Horace Silver, a pianist, composer and band leader with a tireless inventiveness who influenced generations of jazzmen with his distinctive hard bop sound, has died. He was 85.
The Westchester County medical examiner's office confirmed Silver died Wednesday in New Rochelle, but had no other information.
"Horace Silver was one of the hardest swinging piano players in jazz, both as a section player and a soloist," said Ramsey Lewis, a pianist influenced by Silver. "Moreover, he was one of the finest human beings that walked the earth." And influential, carving a sizable wake through the jazz world in a career that seemed special from the start.
The pianist was something of a prodigy and moved to New York at the insistence of Stan Getz in the early 1950s after the famed saxophone player hired a rhythm section that included Silver for a one-off in Hartford, Connecticut. Silver was just 21.
He played with Getz for a while -- Getz would record some of his early compositions -- and other towering pioneers like Lester Young and Coleman Hawkins. He soon began a series of collaborations and recordings that remain highly influential in jazz a half-century later -- starting with his partnership with drummer Art Blakey that led to the seminal hard bop album "Horace Silver and the Jazz Messengers" in 1955.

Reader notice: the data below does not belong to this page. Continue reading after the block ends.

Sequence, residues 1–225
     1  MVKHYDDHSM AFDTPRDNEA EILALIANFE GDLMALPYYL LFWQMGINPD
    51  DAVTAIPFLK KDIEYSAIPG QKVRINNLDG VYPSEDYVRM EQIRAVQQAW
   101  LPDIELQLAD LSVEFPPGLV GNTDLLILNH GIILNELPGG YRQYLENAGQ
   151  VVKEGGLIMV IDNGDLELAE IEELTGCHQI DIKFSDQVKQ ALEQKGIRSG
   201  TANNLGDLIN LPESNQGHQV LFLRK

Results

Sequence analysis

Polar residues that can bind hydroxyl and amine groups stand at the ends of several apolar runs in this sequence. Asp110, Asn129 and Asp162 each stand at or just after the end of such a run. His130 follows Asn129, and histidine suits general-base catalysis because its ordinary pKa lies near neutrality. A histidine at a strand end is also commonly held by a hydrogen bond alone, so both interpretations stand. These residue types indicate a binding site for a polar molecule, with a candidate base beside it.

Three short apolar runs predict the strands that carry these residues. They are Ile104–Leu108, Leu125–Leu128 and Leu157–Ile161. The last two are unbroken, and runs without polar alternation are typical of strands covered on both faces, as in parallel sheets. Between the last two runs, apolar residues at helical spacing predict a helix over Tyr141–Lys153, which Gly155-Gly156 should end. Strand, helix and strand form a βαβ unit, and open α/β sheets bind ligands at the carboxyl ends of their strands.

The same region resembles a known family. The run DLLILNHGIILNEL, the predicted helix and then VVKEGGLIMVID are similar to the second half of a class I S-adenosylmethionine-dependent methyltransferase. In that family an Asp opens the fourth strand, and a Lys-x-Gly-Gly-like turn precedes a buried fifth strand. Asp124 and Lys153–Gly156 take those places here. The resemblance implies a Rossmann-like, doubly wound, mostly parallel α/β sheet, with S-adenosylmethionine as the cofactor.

Though he eventually left the Messengers, Silver continued a string of milestone albums for Blue Note, a label he recorded for until 1980, which are still referenced often, including "Six Pieces of Silver" in 1956 and "Blowin' The Blues Away" in 1959.
Silver was nominated for a Grammy Award in 1995 for his album "Hard Bop Grandpop" and in 2005 the National Academy of Recording Arts and Sciences gave him its president's merit award.
His most widely heard composition was not one he recorded himself. The rock group Steely Dan borrowed a riff from "Song for My Father" for their 1974 hit "Rikki, Don't Lose That Number," a song that remains in heavy rotation on classic rock and oldies stations.